An overwhelming 95 percent of black voters cast their ballots for
Barack Obama. The scenes on the streets in Chicago and around the
country were full of jubilation, as many working people, both Black and
white, fervently believe that change is now on the horizon.
commentators from the mainstream media share this exuberance, and have
even compared Obama to Moses. Spike Lee, the famous director of such
films as Do the Right Thing, Bamboozled, Malcolm X, and others, has
gone so far as to say that America has moved beyond race. The day
after the election, he said the following on MSNBC: “It’s a new day.
It’s a new dawn. It’s a new beginning.” When questioned about
lingering racism, specifically in relation to his 1989 film, Do the
Right Thing, he replied, “That is history. 1989 is last century.
We’re in a new day…This is a new America, and America’s made a seismic
shift, as I said, and I’ll continue to keep saying, as far as race
goes.” Has America made such a “seismic shift”? Has the U.S. truly
moved beyond racism? We don’t think so.
Racism is interwoven into
the very fabric of capitalism. Malcolm X once said: “You can’t have
capitalism without racism.” We would add: “You can’t have racism
without capitalism.” In other words, we cannot end the scourge of
racism, while leaving capitalism intact, and ending capitalism is
something that Barack Obama will not, and cannot do. Obama actually
beat McCain by 6 percent amongst voters making $200,000. This is just
one indication that the wealthy feel that he is a “safe” choice as far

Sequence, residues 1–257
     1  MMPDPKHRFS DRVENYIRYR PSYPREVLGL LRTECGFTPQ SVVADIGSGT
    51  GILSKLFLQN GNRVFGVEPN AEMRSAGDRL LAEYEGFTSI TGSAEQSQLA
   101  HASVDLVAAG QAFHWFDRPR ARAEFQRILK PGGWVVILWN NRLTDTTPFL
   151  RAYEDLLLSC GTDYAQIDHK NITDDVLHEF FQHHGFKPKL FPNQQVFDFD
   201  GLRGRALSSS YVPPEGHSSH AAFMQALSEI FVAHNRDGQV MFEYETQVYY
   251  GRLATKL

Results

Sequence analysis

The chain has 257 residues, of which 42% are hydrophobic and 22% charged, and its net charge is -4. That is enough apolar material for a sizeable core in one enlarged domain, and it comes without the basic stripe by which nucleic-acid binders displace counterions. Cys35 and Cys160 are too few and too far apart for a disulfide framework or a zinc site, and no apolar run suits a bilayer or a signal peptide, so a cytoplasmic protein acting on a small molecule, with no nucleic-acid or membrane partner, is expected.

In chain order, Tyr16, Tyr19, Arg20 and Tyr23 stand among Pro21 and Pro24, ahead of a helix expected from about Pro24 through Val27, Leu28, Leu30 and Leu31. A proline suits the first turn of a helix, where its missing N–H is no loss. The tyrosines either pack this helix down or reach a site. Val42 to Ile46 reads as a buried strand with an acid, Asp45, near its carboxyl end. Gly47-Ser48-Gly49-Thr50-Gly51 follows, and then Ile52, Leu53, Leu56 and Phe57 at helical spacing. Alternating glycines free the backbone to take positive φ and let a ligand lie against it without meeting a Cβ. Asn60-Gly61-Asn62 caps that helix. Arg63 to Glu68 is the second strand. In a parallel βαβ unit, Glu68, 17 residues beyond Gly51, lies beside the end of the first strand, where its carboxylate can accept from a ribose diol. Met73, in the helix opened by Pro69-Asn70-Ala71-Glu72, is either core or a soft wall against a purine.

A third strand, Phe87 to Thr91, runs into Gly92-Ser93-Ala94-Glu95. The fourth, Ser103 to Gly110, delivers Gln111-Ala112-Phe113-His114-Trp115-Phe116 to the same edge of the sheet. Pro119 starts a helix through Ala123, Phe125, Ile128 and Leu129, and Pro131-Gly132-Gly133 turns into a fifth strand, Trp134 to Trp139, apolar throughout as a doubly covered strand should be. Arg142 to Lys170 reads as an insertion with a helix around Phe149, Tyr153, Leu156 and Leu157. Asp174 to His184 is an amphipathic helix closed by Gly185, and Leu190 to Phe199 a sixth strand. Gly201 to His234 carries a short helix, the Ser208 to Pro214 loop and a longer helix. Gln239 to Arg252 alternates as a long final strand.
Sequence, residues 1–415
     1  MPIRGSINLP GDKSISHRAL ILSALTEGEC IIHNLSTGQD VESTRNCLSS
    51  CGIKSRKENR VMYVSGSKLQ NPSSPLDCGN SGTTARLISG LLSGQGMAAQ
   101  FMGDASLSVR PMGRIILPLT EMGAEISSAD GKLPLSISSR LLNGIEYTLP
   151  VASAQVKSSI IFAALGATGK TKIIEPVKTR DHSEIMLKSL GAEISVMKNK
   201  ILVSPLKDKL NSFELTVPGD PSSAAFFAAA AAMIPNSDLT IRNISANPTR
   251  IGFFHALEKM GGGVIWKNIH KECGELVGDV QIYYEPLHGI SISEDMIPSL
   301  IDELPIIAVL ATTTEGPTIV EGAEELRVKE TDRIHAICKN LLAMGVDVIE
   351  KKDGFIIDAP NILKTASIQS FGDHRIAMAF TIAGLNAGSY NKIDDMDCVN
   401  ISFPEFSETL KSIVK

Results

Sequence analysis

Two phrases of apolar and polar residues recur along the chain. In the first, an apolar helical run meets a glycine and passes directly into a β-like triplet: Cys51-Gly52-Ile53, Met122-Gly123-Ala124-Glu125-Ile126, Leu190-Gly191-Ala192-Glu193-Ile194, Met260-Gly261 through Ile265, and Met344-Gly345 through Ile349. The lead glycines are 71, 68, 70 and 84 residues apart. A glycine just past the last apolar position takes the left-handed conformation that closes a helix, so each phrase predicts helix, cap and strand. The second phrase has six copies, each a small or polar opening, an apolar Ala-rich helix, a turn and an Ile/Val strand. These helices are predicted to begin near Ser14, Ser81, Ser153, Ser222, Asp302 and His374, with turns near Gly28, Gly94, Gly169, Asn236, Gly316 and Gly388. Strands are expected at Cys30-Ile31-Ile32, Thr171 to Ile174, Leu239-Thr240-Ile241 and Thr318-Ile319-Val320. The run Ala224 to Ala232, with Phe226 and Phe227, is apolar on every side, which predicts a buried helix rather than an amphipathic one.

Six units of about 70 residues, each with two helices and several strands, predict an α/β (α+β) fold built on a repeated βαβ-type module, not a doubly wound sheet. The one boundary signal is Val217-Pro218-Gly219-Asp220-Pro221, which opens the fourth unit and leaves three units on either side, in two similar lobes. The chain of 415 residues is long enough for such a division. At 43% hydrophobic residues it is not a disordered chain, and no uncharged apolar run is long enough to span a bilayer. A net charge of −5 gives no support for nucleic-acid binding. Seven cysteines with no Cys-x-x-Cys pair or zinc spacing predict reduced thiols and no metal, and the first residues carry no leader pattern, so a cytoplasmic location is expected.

as their interests are concerned.
The fact is, systemic racism
still plagues America. One-quarter of Black Americans live in poverty,
according to the U.S. Census Bureau, twice the percentage for whites.
Currently, due to a racist judicial system, more Black men are in
prison than are enrolled in college. In fact, despite the immense
turnouts of Black voters in this election, over 1.5 million Black men
were prevented from voting at all, due to felony disenfranchisement.
what can we expect from a President Obama to address this systemic
problem? Well, not much. In fact, racism is an issue that Obama has
avoided like the plague. To the extent that he has raised the issue,
as we have explained in previous articles, he sees the discrepancy in
achievement as stemming from a lack of personal drive and from children
“being ashamed in educational achievement,” rather than flowing from
institutional racism and class oppression.
In his victory speech,
Obama announced that he believes in the core values of the Republican
Party: “self-reliance, individual liberty, and national unity;” the
first and third being little more than code words for scapegoating and
obscuring class differences, respectively.
Shelby Steele, a
self-described “Black conservative” author, columnist and senior fellow
at Stanford University’s Hoover Institution, addressed the issue thusly
in a column following Obama’s victory: “There is nothing to suggest
that Obama will lead America into true post-racialism. His campaign
style revealed a tweaker of the status quo, not a revolutionary.
Culturally and racially, he is likely to leave America pretty much
where he found her.”
analysis is interesting and insightful, especially coming from a
self-styled conservative. However, the problems facing all working
Americans, and Black workers in particular, cannot be solved through
mere “tweaking.” We need fundamental change.
The sincere hopes
that millions of working people have in Obama do not change the fact
that he is a defender of the capitalist system, a system in which